In the last decade or so, the divorce courts of England and Wales have won the reputation of being among the most 'wife-friendly' around.
A number of high-profile and high-value cases have highlighted a significant shift in how settlements were calculated.
Historically, the principal factor in dividing marital assets had involved meeting the needs of the financially weaker spouse. All that changed with a landmark ruling in 2000, in which a husband or wife's contribution to building a family or business was deemed to have impact on the outcome of who got what at the end of a marriage.
A couple of later judgements added to the momentum. In May 2006, law lords confirmed that Melissa Miller should be entitled to £5 million after a childless marriage of less than three years to her financier ex-husband Alan because she had a "reasonable expectation" of a future wealthy lifestyle.
Julia McFarlane, meanwhile, was awarded £250,000 annual maintenance for life because she had given up a high-earning career at the start of an 18-year marriage.
The underlying logic in those and many other cases was one of fairness.
It is perhaps ironic, then, to consider that 'fairness' may possibly be once more overtaken by 'need' thanks to a courtroom victory by another woman.
In 2010, Katrin Radmacher, a German heiress to an estimated £100 million fortune, successfully defended an attempt by her French former husband, Nicolas Granatino to win a share of her wealth.
Monsieur Granatino had tried to persuade the courts to discount a prenuptial agreement, signed before his nine-year marriage, in which he pledged not to make any financial claim in the event of them divorcing.
The decision of the Supreme Court in that case had more effect than merely heading off another multi-million pound post-marital settlement. It was, in domestic divorce law terms, something of a game-changer.
It did not in itself make prenups binding but meant they had more weight in helping determine the size of divorce settlements. A succession of subsequent cases has reinforced the potential for prenuptial agreements to overcome arguments that marital assets should be shared.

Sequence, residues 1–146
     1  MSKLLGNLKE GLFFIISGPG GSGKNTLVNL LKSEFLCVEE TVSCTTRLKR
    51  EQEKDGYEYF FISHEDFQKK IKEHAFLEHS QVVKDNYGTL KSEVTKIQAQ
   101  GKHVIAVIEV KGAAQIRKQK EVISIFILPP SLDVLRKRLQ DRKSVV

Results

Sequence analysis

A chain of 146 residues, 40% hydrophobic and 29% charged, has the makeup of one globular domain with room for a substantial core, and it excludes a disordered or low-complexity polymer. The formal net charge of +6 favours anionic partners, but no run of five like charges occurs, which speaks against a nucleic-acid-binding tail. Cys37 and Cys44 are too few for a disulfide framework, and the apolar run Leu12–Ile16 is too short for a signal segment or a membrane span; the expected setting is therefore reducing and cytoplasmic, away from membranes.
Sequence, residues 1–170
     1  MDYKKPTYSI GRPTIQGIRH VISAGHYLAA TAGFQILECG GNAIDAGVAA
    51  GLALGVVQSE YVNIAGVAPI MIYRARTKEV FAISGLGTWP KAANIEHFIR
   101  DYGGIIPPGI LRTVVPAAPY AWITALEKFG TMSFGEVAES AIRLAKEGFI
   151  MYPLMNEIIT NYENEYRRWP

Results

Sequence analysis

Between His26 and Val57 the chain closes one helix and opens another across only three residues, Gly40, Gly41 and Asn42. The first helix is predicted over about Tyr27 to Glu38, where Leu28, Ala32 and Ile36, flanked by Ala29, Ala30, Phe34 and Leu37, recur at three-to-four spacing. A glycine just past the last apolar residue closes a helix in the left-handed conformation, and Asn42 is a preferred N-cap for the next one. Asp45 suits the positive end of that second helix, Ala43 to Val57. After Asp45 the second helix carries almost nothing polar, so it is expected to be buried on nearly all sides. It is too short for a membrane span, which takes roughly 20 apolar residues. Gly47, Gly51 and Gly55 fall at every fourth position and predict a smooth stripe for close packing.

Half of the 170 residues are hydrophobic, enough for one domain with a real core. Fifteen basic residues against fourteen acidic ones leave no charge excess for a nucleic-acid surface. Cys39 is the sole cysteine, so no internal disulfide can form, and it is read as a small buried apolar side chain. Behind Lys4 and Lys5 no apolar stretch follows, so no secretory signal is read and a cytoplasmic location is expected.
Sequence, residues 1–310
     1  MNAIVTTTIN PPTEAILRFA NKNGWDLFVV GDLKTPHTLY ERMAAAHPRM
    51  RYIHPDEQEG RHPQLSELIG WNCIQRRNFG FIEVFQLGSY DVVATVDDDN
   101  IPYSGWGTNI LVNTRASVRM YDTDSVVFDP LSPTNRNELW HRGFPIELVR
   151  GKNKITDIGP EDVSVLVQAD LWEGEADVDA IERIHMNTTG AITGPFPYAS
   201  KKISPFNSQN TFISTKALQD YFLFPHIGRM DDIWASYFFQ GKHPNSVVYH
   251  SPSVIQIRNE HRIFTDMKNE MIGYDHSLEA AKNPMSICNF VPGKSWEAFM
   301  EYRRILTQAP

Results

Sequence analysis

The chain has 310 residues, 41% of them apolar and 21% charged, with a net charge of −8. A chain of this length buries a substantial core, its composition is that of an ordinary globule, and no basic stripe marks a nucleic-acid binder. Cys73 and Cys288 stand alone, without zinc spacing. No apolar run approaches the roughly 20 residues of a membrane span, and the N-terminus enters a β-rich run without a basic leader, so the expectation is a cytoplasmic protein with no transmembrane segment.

Such developments have been eagerly observed by the Law Commission. Prior to the Radmacher judgement, it had been considering whether to recommend prenups be given the full force of law.
The Commission's deliberations have taken another step forward with the launch of a further consultation about how divorcing couples divide their assets, including those acquired before they were married and by inheritance.
One possible recommendation which might follow is for Government ministers to make prenuptial agreements binding. Were that to happen, it could cement a key lesson from the Radmacher case: that spouses who signed properly drafted prenuptial agreements should abide by them, even if the split of their assets seem unfair.
Individuals, so the argument continues, should be held to a properly drafted prenup, as long as it met their needs and they had signed of their own volition with the time to take proper legal advice.
In less than two years since the Radmacher ruling, I and my colleagues at Pannone have seen a fourfold increase in the number of prenups being taken out.
If the Commission takes the step which many commentators believe it will following the consultation which it has just announced, I reckon it will fuel a continued increase in the popularity of prenups, especially among those seeking to protect their wealth and those embarking on second marriages.
It may not happen instantly, of course. One of the barriers to prenups becoming a normal element of domestic pre-marriage preparations is that British people generally appear more uncomfortable talking about their finances than those from other countries.
What it would provide, however, is more reassurance for brides or grooms-to-be anxious about the ability of divorce to unravel their finances.
With roughly 45 per cent of marriages in England and Wales likely to end in divorce, it's the sort of crumb of comfort which they may need before deciding whether to walk down the aisle after all.